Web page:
Making America’s Health Care As Good As It Should Be

The United States has the distinction of spending more of its wealth on health care than any other nation—at last report, 15 percent of gross national product, compared with 11 percent for Switzerland, the second ranking country, and 9.6 percent for our neighbor Canada. With this level of investment, America should provide all of its residents with quality health care and access to health insurance. Overcoming barriers to achieving that vision and making the nation’s health care as good as it should be is the objective of multiple Institute of Medicine (IOM) studies. These studies include comprehensively assessing the problem of uninsurance and its impact on individual, community, and national health; continuing to articulate next steps in the drive to improve the quality of health care; and calling attention to the importance of health literacy and health workforce diversity as key determinants of the quality and successful outcome of health care.

HEALTH INSURANCE FOR ALL

Insuring America’s Health: Principles and Recommendations (2004) is the culminating and summary report of a series of six studies that collectively comprise the most comprehensive examination to date of the consequences that stem from the widespread lack of health insurance. When the report was issued, more than 43 million U.S. residents under the age of 65 lacked health insurance—roughly one in seven Americans—and the numbers are higher today.

The report makes the compelling case that by 2010, everyone in the United States should have health insurance; calls on the president, Congress, and the nation to act immediately by establishing a firm and explicit plan to meet this goal; and provides a set of five principles that can be used to assess the merits of current proposals to expand health insurance coverage and design future strategies to improve coverage.

The report makes the compelling case that by 2010, everyone in the United States should have health insurance; calls on the president, Congress, and the nation to act immediately by establishing a firm and explicit plan to meet this goal; and provides a set of five principles that can be used to assess the merits of current proposals to expand health insurance coverage and design future strategies to improve coverage. These principles are:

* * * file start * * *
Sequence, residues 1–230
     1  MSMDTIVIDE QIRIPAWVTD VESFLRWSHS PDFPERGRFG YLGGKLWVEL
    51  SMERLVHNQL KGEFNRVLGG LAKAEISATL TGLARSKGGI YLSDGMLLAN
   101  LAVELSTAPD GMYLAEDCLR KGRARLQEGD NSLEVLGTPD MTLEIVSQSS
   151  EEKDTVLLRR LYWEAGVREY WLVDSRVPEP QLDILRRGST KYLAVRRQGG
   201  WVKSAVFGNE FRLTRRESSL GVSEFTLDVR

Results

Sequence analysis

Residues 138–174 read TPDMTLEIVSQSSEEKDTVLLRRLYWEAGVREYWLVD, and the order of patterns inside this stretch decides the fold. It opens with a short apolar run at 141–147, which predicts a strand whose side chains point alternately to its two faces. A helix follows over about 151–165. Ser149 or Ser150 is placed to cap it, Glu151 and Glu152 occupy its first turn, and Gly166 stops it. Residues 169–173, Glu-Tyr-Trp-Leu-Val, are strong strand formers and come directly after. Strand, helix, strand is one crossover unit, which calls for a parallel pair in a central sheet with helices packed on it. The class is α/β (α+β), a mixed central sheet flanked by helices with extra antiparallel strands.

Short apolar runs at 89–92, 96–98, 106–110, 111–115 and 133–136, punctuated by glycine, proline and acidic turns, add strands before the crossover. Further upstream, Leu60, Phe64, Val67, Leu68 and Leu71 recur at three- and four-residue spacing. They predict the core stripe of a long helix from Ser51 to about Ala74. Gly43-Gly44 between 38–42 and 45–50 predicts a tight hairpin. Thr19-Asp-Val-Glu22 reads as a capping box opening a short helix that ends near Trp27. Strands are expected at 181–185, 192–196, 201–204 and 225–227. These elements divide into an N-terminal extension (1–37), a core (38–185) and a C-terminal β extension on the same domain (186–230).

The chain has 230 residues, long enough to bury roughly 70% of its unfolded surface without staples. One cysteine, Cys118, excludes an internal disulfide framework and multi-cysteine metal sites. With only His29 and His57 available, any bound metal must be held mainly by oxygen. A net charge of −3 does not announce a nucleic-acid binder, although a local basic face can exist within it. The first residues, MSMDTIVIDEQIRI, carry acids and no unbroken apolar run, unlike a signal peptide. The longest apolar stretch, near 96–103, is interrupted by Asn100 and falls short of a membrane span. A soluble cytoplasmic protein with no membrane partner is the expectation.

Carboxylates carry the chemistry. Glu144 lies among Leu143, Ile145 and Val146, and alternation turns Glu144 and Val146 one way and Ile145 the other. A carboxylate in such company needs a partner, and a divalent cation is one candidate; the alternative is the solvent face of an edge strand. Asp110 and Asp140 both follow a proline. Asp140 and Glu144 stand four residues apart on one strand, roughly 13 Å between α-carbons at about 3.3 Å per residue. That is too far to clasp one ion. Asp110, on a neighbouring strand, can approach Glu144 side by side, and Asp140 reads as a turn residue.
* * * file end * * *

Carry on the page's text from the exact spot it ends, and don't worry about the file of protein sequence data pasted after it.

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Informing the Future: Critical Issues in Health, Third Edition Making America’s Health Care As Good As It Should Be The United States has the distinction of spending more of its wealth on health care than any other nation—at last report, 15 percent of gross national product, compared with 11 percent for Switzerland, the second ranking country, and 9.6 percent for our neighbor Canada. With this level of investment, America should provide all of its residents with quality health care and access to health insurance. Overcoming barriers to achieving that vision and making the nation’s health care as good as it should be is the objective of multiple Institute of Medicine (IOM) studies. These studies include comprehensively assessing the problem of uninsurance and its impact on individual, community, and national health; continuing to articulate next steps in the drive to improve the quality of health care; and calling attention to the importance of health literacy and health workforce diversity as key determinants of the quality and successful outcome of health care. HEALTH INSURANCE FOR ALL Insuring America’s Health: Principles and Recommendations (2004) is the culminating and summary report of a series of six studies that collectively comprise the most comprehensive examination to date of the consequences that stem from the widespread lack of health insurance. When the report was issued, more than 43 million U.S. residents under the age of 65 lacked health insurance—roughly one in seven Americans—and the numbers are higher today. The report makes the compelling case that by 2010, everyone in the United States should have health insurance; calls on the president, Congress, and the nation to act immediately by establishing a firm and explicit plan to meet this goal; and provides a set of five principles that can be used to assess the merits of current proposals to expand health insurance coverage and design future strategies to improve coverage. The report makes the compelling case that by 2010, everyone in the United States should have health insurance; calls on the president, Congress, and the nation to act immediately by establishing a firm and explicit plan to meet this goal; and provides a set of five principles that can be used to assess the merits of current proposals to expand health insurance coverage and design future strategies to improve coverage. These principles are: